Published at Thursday, September 21st 2017, 02:37:58 AM by Manya Matveev. Dining Room. Restaurant‐style doors and globe chandelier. Why not make the door a design feature? Restaurant‐style swinging doors with circular glass insets bring energy to the kitchen here, while a chandelier made up of globe lights in different hues echoes the shape of the round panes in the door.
Published at Wednesday, May 24th 2017, 09:19:29 AM by Edda Braune. Bedroom. Try tailored and tucked‐in bunks. Without losing the getaway‐home element, this room has a much more tailored look than most bunk rooms. The bedding is simple and tucked in tightly. The tone on tone of whites gives the room a clean and serene feel. Curtains are neatly stacked with a dense fabric. To get this look with a lighter fabric, have the curtains lined with a heavier solid material to complement the pattern you are working with. Better yet, give your guest bunkers a treat by lining the curtains with blackout fabric. Mix it up. Mismatched bedding can transform the feeling of a bunk room. When beds are snuggled into a small hallway or attic, finding not a single matching sheet, blanket or pillow brings you back to childhood, when the cabin was heaven for old linens, dishes and furniture that weren't being used at home. To create this look, resist the urge to buy sets. See a pillow you like? Just grab it and continue your hunt. Visit antiques stores and look for old wool blankets and quilts. One trip to the dry cleaner and they're ready for bed.
Published at Wednesday, May 24th 2017, 02:54:05 AM by Rosetta Loreta. Bathroom. The hardest part, which I didn't anticipate, has been picking a color palette. Our adjoining bedroom is painted chamois yellow, and it's tough to find a hue that both works with it and doesn't make me look sick. So for now, I'm leaning toward classic white – fail‐safe, timeless and always in good taste. The greatest thing about white bathrooms: They look equally appropriate in every design style. I'm not sure yet whether I'll stick with my streamlined traditional look or go into totally new territory, but these eight outstanding baths will help me pick a direction.
Published at Tuesday, May 23rd 2017, 21:05:34 PM by Rosetta Loreta. Bathroom. Composting toilets. Composting toilets, which use little or no water, are ready for the mainstream with smart systems that can look like conventional toilets (save for missing the water tank). Manufacturers like Clivus Multrum and Sun‐Mar offer centralized systems that have remote tanks for the waste. The tanks can be sized so that minimal attention is required.
Published at Tuesday, May 23rd 2017, 07:27:22 AM by Rosetta Loreta. Bathroom. This chic square soap pump, also by Jason Wu, has a style reminiscent of his Brizo faucet. For an exotic flair, consider a decorative basin like this one by Kohler. Add gold accent pieces to offset the blue. Hands‐free! Simply tap the faucet with your finger (or a bare elbow or forearm, if your hands are full) to control the water flow. This bath provides a stylish alternative to traditional walk‐ins with an extra‐wide opening, grab bar and chair‐height seat for easy entry and exit. It fits a standard 60‐inch bath footprint. This ready‐to‐go kit creates the perfect little niche to put anything. It comes with everything you need, and is available in a variety of colorways. This system converts your existing fixed showerhead to a handshower and rainhead combination. It's such a quick and easy remodel! A slidebar bracket allows for customized heights, perfect for both short and tall members of your family. The Twist allows bathers to quickly switch between four spray settings with a flick or your thumb – handy for those early mornings when hand‐eye coordination has yet to kick in.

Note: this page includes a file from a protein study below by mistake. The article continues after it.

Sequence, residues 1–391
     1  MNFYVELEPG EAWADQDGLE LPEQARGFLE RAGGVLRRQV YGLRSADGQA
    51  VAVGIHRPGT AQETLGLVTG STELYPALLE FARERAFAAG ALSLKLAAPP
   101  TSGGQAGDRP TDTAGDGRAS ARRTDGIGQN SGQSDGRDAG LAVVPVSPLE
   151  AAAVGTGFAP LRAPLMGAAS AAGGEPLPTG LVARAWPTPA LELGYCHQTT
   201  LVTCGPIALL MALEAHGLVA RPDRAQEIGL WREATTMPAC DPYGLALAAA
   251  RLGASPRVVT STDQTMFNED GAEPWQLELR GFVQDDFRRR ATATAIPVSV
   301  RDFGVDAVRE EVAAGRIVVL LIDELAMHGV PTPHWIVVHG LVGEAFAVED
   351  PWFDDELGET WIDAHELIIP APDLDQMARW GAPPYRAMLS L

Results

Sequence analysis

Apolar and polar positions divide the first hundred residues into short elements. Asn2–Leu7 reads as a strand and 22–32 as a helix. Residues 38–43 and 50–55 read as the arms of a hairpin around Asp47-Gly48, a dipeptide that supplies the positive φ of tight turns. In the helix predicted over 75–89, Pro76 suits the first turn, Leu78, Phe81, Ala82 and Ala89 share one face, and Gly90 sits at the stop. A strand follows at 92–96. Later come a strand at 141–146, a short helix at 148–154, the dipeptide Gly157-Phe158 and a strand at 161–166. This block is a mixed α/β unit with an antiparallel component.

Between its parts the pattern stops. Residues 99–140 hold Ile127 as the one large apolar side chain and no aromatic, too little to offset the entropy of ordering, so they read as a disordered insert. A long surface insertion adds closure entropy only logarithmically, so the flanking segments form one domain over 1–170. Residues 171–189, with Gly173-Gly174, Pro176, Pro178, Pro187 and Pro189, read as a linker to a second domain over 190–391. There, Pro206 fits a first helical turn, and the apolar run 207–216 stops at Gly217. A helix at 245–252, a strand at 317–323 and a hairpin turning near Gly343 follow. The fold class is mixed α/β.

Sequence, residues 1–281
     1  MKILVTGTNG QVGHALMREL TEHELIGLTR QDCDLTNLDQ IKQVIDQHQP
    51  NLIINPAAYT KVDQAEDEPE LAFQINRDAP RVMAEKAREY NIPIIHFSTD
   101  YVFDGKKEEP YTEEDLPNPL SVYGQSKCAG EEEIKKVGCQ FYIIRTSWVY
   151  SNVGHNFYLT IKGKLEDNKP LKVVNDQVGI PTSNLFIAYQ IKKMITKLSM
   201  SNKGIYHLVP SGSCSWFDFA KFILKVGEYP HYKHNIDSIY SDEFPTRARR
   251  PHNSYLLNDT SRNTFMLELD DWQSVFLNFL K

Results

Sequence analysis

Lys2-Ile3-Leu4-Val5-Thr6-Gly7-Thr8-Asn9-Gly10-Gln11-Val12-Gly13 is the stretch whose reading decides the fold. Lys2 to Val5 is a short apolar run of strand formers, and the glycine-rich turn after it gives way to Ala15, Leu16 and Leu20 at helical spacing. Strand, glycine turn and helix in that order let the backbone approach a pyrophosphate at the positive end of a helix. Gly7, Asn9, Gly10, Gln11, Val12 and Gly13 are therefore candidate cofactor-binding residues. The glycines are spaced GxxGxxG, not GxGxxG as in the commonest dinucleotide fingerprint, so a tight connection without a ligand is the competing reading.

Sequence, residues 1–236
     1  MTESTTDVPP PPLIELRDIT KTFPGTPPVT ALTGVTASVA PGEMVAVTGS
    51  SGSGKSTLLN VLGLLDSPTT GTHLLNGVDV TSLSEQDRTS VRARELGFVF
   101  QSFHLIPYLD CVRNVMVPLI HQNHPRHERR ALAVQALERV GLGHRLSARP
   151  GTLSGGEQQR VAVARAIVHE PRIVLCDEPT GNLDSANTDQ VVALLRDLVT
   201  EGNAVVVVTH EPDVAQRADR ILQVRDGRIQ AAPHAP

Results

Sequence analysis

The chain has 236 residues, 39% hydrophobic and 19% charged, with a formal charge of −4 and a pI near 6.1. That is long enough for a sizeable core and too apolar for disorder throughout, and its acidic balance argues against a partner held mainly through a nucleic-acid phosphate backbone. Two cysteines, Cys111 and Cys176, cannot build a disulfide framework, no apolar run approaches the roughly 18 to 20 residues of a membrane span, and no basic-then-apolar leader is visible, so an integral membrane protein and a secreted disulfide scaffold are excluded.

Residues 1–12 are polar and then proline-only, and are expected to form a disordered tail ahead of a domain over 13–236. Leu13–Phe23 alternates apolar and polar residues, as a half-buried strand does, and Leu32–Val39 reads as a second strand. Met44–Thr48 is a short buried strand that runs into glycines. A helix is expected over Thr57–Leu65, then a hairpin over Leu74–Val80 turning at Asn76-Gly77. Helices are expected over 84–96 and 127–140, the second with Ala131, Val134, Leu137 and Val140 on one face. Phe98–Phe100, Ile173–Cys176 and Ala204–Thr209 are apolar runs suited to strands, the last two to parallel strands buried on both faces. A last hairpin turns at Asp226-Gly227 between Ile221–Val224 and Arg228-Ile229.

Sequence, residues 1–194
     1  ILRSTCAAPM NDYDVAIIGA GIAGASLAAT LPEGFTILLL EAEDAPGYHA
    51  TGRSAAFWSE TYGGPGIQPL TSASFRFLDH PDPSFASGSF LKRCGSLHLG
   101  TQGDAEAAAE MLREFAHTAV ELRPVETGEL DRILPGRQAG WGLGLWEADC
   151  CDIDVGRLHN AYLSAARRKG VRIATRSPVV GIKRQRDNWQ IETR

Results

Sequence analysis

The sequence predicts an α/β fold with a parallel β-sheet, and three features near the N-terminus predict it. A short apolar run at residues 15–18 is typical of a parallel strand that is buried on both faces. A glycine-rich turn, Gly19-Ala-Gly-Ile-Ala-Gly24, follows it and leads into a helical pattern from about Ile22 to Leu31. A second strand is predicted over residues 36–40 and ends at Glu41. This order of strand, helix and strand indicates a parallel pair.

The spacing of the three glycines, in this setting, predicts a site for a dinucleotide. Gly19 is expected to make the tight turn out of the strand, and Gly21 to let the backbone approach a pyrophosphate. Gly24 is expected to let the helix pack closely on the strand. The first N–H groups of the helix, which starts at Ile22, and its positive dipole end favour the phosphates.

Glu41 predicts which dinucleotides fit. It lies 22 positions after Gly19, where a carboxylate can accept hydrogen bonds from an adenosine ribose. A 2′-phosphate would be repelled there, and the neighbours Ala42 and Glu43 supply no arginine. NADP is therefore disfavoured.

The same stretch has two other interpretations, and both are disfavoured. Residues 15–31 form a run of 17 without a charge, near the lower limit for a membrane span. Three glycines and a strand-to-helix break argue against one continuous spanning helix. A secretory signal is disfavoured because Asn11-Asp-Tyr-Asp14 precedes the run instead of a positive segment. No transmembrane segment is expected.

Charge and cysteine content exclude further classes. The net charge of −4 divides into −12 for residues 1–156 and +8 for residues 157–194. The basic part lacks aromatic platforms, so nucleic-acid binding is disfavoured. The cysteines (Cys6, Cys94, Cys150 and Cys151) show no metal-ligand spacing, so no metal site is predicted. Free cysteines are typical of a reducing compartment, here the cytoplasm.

Published at Tuesday, May 23rd 2017, 02:38:56 AM by Rosetta Loreta. Bathroom. Magic mirrors for bedroom and bathroom. While the world waits for the inevitable advancements in glass technology, there's still much that's being accomplished with regular glass. Smart mirrors, or interactive mirrors, are the first application for smart glass technology, because they don't need to be transparent. Using existing two‐way‐mirror technology, smart mirrors can function in your home like regular mirrors but optionally display information right on the surface of the mirror. One of the better visions for what’s possible with a magic mirror was conceived by, of all organizations, The New York Times. Yes, the Times has its own R&D lab, which tries to figure out how people will get news and information in the future. Apparently, they’ll get it in the bathroom, according to its concept video. The interface for all this breathtaking home technology is just like the evil queen’s technology – magic glass plus voice command and artificial intelligence. The glass surfaces conjure up information and ideas, video feeds and communication, all appropriate to the context of the user's intent.
Published at Tuesday, May 23rd 2017, 00:05:05 AM by Rosetta Loreta. Bathroom. While the soft curves of a round mirror can add a more delicate, feminine touch to a space, two rectangular mirrors make a masculine statement in this bath. The frame of this mirror complements the vanity below perfectly, while the sconces add further interest. An hourglass mirror in the center reflects onto the other surfaces in the room, creating a 3‐D look. Get a look similar to two mirrors by framing a window with mirrors. These beautiful antique mirrors reflect the light from outside, giving the whole room a golden glow.
Published at Wednesday, May 17th 2017, 23:19:23 PM by Rosetta Loreta. Bathroom. Tie everything together. "We wanted to revamp this bathroom without doing a costly remodel," says Beth Dotolo of Pulp Design Studios. "By using this European trellis wall covering we were able to give the space a completely new look and tie together the existing finishes".